Advertisement
YOU ARE HERE: LAT HomeCollectionsPunk Music
IN THE NEWS

Punk Music

FEATURED ARTICLES
NEWS
June 19, 1992 | JOHN MORELL, SPECIAL TO THE TIMES; Morell is a regular contributor to The Times
Roger and Judy Peterson should have known something was up when their son Nathan, 17, of fered to clean out the basement. Seven years ago, the Petersons moved into a two-story house in Granada Hills that was built in 1948 and Roger, a professor of management science at CSUN, considered turning the large basement into a darkroom for his photography hobby. It became storage space--until February.
ARTICLES BY DATE
ENTERTAINMENT
August 9, 2012 | By August Brown
The ugly subculture of neo-Nazi punk rock is back in the news after the shooting at a Sikh temple near Milwaukee. But within the punk community itself, many voices have loudly opposed this strain over the decades and worked to combat it with music. Jello Biafra , the founder of the pioneering Bay Area punk band Dead Kennedys, label owner and one of the most outspoken leftist activists in music, wrote perhaps the defining anti-Nazi punk anthem in 1981. We can't print its title, but we spoke with Biafra -- who now fronts Jello Biafra and the Guantanamo School of Medicine -- about the history of Nazi punk and his own legacy in opposing it. A condensed and lightly edited transcript of his remarks follows: I wrote that song in 1981, and at the time, it was aimed at people who were really violent on the dance floor; they didn't call it mosh pits yet. It began to attract people showing up just to see if they could get in fights in the pit or jump off stage and punch people in the back of the head and run away.
Advertisement
ENTERTAINMENT
August 9, 2012 | By August Brown
The ugly subculture of neo-Nazi punk rock is back in the news after the shooting at a Sikh temple near Milwaukee. But within the punk community itself, many voices have loudly opposed this strain over the decades and worked to combat it with music. Jello Biafra , the founder of the pioneering Bay Area punk band Dead Kennedys, label owner and one of the most outspoken leftist activists in music, wrote perhaps the defining anti-Nazi punk anthem in 1981. We can't print its title, but we spoke with Biafra -- who now fronts Jello Biafra and the Guantanamo School of Medicine -- about the history of Nazi punk and his own legacy in opposing it. A condensed and lightly edited transcript of his remarks follows: I wrote that song in 1981, and at the time, it was aimed at people who were really violent on the dance floor; they didn't call it mosh pits yet. It began to attract people showing up just to see if they could get in fights in the pit or jump off stage and punch people in the back of the head and run away.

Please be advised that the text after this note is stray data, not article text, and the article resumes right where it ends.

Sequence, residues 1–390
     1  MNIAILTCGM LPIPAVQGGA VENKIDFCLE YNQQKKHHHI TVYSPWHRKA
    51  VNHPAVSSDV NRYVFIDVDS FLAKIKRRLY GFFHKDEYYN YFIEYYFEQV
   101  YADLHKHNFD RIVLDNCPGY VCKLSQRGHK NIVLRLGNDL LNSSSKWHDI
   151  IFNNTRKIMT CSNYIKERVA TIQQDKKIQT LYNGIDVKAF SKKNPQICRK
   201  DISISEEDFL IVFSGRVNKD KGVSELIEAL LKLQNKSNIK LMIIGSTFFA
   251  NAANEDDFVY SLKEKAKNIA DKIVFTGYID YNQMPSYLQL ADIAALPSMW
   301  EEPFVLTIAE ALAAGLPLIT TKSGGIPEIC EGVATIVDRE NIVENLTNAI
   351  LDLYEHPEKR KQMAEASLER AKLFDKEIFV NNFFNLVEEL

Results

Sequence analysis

ENTERTAINMENT
August 6, 2012 | By August Brown
Among the many sad details coming to light about Wade Michael Page, the suspected shooter in the Wisconsin Sikh temple shooting, is a deep involvement with a repellent strain of white-power punk music. The 40-year-old Wade played in a fascist hard-core group called End Apathy. According to an interview that he gave to the website for the Label 56 recording label ( Slate's Dave Weigel has excerpts ), Page also was affiliated with a number of negligible white-power bands with names like Celtic Warrior, Max Resist and Blue Eyed Devils, whose music can still occasionally be found on YouTube.
ENTERTAINMENT
July 19, 1991 | MIKE BOEHM, TIMES STAFF WRITER
In the summer of 1979, it became obvious that punk rock had penetrated some of Southern California's more sedate precincts. The proof was a record album called "Beach Blvd," a compilation of 15 raw, speedily played but often catchy songs by three different suburban punk acts: The Crowd from Huntington Beach, Rik L Rik from Covina, and the Simpletones from Rosemead. Championed on KROQ-FM by disc jockey Rodney Bingenheimer, "Beach Blvd" established that there was punk life in suburbia.
ENTERTAINMENT
August 6, 2012 | By August Brown
Among the many sad details coming to light about Wade Michael Page, the suspected shooter in the Wisconsin Sikh temple shooting, is a deep involvement with a repellent strain of white-power punk music. The 40-year-old Wade played in a fascist hard-core group called End Apathy. According to an interview that he gave to the website for the Label 56 recording label ( Slate's Dave Weigel has excerpts ), Page also was affiliated with a number of negligible white-power bands with names like Celtic Warrior, Max Resist and Blue Eyed Devils, whose music can still occasionally be found on YouTube.
ENTERTAINMENT
December 21, 2000 | RANDY LEWIS, TIMES STAFF WRITER
The Sex Pistols used to scowl about "no future," but Joe Escalante has seen punk-rock future and for him it's spelled c-i-n-e-m-a. "I'm 37 now--how long can you keep playing in a punk-rock band?" asks Escalante, a founding member of the veteran Orange County/Long Beach group the Vandals. "This movie thing is something I've learned to do and it's something I could see doing after I'm not in a band."
ENTERTAINMENT
July 19, 1991 | MIKE BOEHM, TIMES STAFF WRITER
Night Moves is pulling the plug on the loud, edgy, punk-oriented rock that had been the club's staple for five years. The club will have a last fling with alternative rock music in shows tonight by Superficial Love (the name that the original members of T.S.O.L. now play under) and Saturday by Tender Fury. After that, Night Moves, at 5902 Warner Ave., will close for three weeks of remodeling, then reopen under a new, still undecided, name.